I'm angry. Angry that Gwen's brothers and her nieces and nephews won't get to grow up knowing her the way her aunts, uncles, older sister and I did. Angry that instead of celebrating her birthday, we get together each year to commemorate her death. Angry that, in both trials, the defendants tried to blame Gwen for her own murder. Angry that other young lesbian, gay, bisexual or transgender kids continue to face the discrimination she did in our public schools and our workforce.
I'm also grateful. Grateful that my family and our friends rose to the challenge and sat through two gruesome and explicit criminal trials to make sure that everyone knew that Gwen was loved for who she was. I'm grateful for the support we've all received from perfect strangers who have told us in-person and through e-mail that we are in their thoughts and prayers. I'm grateful for the remorse that two of the defendants and some of their family members have expressed to me and my family.
And I'm sad. Sad that I'll never get to see Gwen grow into the beautiful woman she would have become. Sad that four men chose to end my daughter's life, and throw away their own simply because they thought they were acting like "real men." And sad that other transgender women have been killed since Gwen's murder and that we don't have a realistic end in sight to that violence.
Within this mix of emotions, though, the one that I hold onto most dearly is hope. Since that tragic night, my own family has grown by two beautiful grandchildren. More and more parents are supporting their transgender children. California has become the country's most protective state for transgender people. And just this month, a new law has been proposed in Sacramento, the Gwen Araujo Justice for Victims Act, authored by Assemblywoman Sally Lieber, D-Mountain View, and sponsored by Equality California, an LGBT civil-rights lobbying group, to protect people from being blamed for their own murder.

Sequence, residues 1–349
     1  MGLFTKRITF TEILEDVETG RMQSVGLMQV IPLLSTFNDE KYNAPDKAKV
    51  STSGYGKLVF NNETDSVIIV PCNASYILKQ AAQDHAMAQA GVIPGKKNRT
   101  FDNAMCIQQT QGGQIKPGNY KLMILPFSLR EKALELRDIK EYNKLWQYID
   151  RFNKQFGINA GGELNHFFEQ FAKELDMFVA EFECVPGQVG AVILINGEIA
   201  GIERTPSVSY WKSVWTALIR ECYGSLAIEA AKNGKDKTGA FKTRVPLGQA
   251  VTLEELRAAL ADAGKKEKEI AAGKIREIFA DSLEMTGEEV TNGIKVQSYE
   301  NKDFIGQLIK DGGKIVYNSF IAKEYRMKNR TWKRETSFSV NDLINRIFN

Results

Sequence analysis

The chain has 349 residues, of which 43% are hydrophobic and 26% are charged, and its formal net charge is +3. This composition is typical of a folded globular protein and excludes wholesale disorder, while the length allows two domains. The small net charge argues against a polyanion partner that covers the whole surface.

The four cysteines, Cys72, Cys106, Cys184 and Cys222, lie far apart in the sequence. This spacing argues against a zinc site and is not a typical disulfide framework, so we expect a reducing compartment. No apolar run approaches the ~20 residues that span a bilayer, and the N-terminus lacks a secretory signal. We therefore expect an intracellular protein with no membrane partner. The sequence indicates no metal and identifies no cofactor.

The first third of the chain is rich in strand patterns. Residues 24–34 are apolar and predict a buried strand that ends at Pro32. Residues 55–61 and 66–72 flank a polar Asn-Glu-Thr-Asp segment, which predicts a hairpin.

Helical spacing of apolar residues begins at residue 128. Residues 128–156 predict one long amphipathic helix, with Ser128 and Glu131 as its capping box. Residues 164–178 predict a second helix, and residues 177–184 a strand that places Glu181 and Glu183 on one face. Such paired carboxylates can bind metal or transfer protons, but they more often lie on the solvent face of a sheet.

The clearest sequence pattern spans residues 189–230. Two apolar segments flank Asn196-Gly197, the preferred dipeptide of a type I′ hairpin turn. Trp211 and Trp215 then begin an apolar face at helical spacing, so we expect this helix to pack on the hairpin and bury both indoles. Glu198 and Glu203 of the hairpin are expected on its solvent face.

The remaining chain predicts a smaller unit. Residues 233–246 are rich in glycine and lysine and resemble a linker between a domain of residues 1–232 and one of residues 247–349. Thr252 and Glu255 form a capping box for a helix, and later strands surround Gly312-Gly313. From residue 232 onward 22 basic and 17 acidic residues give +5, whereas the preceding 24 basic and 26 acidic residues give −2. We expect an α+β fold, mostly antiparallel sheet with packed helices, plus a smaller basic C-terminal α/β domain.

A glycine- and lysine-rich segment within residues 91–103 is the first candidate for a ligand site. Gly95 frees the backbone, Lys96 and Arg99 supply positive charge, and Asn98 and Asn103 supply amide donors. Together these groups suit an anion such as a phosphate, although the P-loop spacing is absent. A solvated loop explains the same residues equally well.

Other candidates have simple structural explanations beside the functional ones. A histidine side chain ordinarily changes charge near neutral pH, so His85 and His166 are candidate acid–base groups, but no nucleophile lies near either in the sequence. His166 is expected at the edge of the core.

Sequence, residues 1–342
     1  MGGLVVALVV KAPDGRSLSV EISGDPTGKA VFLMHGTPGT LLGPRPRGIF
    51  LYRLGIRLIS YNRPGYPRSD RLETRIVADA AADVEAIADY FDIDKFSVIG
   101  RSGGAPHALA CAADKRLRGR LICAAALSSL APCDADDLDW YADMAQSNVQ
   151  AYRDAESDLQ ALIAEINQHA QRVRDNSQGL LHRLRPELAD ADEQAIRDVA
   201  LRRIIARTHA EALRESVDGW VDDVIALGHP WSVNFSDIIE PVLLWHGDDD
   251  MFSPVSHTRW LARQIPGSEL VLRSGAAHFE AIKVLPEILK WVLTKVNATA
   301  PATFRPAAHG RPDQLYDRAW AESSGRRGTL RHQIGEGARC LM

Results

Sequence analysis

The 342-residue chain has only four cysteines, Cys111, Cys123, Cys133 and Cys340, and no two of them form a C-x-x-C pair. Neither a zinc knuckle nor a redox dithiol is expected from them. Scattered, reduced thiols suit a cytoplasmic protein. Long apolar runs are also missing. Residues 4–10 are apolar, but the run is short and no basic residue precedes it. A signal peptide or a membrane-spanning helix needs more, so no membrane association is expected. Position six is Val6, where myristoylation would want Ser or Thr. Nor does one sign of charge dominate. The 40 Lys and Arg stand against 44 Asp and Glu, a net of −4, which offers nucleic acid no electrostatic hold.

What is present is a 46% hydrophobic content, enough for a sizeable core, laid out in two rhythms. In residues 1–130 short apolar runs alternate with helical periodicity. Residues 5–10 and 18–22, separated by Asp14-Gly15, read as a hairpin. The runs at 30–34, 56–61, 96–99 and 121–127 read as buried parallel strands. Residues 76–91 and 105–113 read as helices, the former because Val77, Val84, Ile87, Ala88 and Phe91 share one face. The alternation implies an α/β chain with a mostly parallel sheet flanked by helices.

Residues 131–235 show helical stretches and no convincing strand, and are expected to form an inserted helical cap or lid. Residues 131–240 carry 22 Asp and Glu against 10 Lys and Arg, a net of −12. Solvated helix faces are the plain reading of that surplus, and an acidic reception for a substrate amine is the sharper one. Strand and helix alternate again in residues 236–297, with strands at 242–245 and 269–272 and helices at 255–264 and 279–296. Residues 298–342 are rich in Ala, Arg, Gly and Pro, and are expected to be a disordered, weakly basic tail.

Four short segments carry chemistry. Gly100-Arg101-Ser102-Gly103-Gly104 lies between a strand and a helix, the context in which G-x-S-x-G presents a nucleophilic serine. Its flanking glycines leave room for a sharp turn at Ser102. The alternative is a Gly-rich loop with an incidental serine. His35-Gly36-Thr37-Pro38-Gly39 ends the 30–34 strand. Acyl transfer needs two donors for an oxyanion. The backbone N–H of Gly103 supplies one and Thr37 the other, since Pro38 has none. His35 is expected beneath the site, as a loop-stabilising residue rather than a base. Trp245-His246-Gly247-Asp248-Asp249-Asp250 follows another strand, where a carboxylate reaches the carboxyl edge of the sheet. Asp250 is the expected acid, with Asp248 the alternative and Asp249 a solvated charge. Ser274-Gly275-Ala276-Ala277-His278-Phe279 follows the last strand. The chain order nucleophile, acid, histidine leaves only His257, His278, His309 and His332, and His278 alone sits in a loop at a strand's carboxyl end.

Maybe the reason I don't have closure around Gwen's death is that there is still work to do. If I've learned anything since Gwen's murder, it is that hope alone is not enough. Each of us who hopes to live in a state where our families are protected needs to work toward making California that place. For instance, boys and girls in schools throughout the Bay Area need to hear, firsthand, how important it is to be themselves and to respect each other's differences.
None of us can change the way the world was on Oct. 4, 2002. But each of us now has an important role to play in creating a state where we can celebrate more birthdays and commemorate fewer murders.